Tuesday, June 2nd, 2015 Posted by Jim Thacker

Adobe acquires Mixamo

Animations created by importing Mixamo content into Photoshop CC 2014. Adobe has just acquired the online animation platform with the aim of integrating its core technology into future releases of Photoshop.

Adobe has acquired online animation platform Mixamo with the aim of integrating its technology into future releases of Photoshop. Existing Mixamo services will be migrated to Adobe’s Creative Cloud.

Mixamo: a brief history
Since its foundation in 2009, Mixamo has done a lot to make 3D animation more accessible to non-specialists, particularly those working in the world of indie game development.

Beginning as a service for blending motion data from an online library to create custom movements, then retargeting them to existing rigs, Mixamo has gradually expanded into a one-stop shop for character animation.

More recent additions to its portfolio include online tools for creating and automatically rigging custom characters, and generating levels of detail. It even created its own markerless facial mocap plugin for Unity.

A good fit for Photoshop?
That philosophy – to make the creation of professional-quality 3D content a semi-automated process – fits pretty well with Adobe’s stated aims for Photoshop.

In a blog post announcing the acquisition, the company notes: “Our research tells us that one of the most in-demand skills for designers is 3D, but using it is just too hard with the current tools and technology.”

Adobe began the process of expanding Photoshop’s 3D capabilities with last year’s CC 2014.2 update, which added the ability to import 3D animations in Collada format.

At the time, the functionality was pretty limited: while you could scrub through an animation, and reposition or relight the character, you couldn’t modify the animation data itself within Photoshop.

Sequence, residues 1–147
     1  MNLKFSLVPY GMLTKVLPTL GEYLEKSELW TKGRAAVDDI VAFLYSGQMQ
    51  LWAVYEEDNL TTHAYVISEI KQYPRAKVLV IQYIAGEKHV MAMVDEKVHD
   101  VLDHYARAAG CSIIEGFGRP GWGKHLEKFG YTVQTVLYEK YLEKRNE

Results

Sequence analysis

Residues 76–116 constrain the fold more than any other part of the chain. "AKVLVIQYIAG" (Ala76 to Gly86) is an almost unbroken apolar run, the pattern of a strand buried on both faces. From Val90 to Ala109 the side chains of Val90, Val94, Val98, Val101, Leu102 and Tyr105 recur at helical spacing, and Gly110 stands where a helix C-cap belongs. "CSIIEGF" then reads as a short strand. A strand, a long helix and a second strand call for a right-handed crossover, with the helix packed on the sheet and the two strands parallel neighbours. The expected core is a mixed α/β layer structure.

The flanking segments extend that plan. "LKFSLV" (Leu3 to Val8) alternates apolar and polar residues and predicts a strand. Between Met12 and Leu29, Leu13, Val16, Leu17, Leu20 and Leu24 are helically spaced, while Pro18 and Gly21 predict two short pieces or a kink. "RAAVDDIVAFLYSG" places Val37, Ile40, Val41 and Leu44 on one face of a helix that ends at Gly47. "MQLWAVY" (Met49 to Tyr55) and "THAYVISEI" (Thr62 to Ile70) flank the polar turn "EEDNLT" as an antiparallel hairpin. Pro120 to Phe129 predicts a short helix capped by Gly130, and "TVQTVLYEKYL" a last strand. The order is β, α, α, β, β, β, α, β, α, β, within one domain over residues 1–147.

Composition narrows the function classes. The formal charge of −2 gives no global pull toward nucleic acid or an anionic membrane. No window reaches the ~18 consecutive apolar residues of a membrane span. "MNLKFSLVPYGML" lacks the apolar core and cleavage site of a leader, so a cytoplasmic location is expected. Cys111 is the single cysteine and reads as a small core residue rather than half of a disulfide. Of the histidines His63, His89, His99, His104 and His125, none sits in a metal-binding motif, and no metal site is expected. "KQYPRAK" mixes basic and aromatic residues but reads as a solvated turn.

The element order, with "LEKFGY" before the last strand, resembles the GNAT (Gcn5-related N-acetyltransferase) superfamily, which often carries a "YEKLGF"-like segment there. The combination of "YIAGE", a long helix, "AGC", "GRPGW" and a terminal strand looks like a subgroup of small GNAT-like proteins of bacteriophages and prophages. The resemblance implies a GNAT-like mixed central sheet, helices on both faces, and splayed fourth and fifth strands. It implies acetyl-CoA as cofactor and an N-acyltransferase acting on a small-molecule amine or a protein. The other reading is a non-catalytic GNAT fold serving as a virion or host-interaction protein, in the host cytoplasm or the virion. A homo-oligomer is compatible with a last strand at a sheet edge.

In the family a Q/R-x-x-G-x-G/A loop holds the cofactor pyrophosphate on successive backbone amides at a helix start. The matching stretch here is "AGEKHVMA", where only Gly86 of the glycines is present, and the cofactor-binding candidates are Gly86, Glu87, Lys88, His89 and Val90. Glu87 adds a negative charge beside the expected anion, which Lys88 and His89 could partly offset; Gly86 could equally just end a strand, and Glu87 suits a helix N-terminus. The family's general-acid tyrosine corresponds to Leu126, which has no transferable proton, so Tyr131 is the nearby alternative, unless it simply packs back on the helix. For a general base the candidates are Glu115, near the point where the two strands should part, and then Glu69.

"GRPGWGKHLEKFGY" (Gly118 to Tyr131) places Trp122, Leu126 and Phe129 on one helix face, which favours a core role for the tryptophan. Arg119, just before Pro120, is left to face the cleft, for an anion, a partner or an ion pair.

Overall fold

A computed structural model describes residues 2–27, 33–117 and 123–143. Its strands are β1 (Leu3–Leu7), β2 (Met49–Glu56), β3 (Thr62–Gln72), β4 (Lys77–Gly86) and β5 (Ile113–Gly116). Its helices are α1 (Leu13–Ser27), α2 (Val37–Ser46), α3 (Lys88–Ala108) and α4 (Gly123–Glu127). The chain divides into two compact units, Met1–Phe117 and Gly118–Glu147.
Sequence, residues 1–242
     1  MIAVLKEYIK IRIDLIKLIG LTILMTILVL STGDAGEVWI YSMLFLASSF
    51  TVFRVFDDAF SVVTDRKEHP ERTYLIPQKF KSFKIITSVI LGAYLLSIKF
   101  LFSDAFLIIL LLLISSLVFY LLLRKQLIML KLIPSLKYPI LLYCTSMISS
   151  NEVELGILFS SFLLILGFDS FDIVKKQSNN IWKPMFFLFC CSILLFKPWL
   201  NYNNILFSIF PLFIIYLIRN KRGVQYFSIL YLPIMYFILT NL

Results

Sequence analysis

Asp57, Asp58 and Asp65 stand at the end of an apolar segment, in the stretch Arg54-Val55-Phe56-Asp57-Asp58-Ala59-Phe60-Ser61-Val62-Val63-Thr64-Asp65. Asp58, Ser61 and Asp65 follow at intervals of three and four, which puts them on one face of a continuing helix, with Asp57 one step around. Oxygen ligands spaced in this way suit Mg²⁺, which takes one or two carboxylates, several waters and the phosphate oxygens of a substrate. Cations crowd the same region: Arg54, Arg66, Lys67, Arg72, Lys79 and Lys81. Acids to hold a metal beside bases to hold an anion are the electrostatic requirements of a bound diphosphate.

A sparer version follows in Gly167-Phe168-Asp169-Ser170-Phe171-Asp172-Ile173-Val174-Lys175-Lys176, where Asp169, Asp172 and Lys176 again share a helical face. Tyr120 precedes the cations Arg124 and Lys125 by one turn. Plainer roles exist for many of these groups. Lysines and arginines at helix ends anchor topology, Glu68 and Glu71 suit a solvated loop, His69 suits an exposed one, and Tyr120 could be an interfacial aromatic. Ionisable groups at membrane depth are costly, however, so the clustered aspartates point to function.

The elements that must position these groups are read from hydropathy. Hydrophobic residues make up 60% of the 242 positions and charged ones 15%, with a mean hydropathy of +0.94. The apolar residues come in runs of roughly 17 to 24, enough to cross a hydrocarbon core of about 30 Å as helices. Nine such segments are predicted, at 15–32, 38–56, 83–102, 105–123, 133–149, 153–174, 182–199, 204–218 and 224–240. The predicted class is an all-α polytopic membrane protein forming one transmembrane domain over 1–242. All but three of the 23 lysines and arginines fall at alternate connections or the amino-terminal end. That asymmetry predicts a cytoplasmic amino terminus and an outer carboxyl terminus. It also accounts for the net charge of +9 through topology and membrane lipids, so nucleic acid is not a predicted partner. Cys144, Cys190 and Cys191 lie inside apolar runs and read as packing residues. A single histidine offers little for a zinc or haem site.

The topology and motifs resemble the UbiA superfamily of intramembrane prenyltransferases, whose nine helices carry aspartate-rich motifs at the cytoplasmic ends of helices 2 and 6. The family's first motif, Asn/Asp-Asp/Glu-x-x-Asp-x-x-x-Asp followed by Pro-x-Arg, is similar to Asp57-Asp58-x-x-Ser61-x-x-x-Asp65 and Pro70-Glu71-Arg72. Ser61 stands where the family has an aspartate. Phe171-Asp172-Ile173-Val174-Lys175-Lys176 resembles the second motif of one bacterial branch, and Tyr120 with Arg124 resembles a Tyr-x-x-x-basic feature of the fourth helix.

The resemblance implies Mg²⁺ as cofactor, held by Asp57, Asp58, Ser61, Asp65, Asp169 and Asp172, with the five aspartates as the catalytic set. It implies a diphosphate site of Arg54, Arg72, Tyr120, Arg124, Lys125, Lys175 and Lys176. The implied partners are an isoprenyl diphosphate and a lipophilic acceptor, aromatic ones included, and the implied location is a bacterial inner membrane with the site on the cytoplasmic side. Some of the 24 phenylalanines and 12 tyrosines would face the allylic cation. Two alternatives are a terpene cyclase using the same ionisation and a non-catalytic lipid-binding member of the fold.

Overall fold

That sounds like it may be about to change: in its blog post, Adobe says that it plans to use Mixamo’s technology to enable Photoshop users to “create, customize, manipulate, rig and animate 3D content”.

Animation for designers rather than animators?
For 2D designers looking to expand their skill sets – or simply to be able to take on jobs that involve a small amount of 3D work – Mixamo’s technology looks set to give Photoshop a welcome boost.

But clearly, that doesn’t mean that Photoshop is going to replace specialist animation software any time soon.

As a point of comparison, the software has been able to import static 3D meshes since CS3 was released in 2007, but you’re unlikely to meet anyone doing serious visualisation work in Photoshop alone.

And indeed, in its blog post, Adobe rather glosses over Mixamo’s core market – indie game design – in favour of more modest applications of 3D: creating packaging, product concepts and manufacturing prototypes.

So what happens to existing Mixamo users?
If you’re an existing Mixamo user, whether the deal is good news or bad news depends on your point of view.

On one hand, Adobe is a major international company with a lot of marketing and development resources: not surprisingly, the aspect on which Mixamo chooses to focus in its own FAQs document.

On the other, it’s a publicly traded company with a duty to its shareholders to maximise efficiency – which has sometimes led to past acquisitions being discontinued as separate products, or quietly mothballed.

For the minute, Adobe is migrating Mixamo’s services to its Creative Cloud platform, and isn’t selling new subscriptions or a la carte services until the process is complete.

If you have a subscription plan, you get full access to all your existing services until 31 December 2015, since Adobe is automatically extending active plans until the end of the year.

Whether pricing or service changes will follow after that remains to be seen, but for the minute, there’s good news – at least for more casual users.

Mixamo has extended its free accounts to include 10 Auto-Rig downloads and 20 animation downloads, on top of existing offerings such as unlimited use of the Fuse character creator and auto-rigging of Fuse characters.

Read more about Adobe’s acquisition of Mixamo on Adobe’s blog

Read more about Adobe’s acquisition of Mixamo on Mixamo’s blog

Read Mixamo’s FAQs document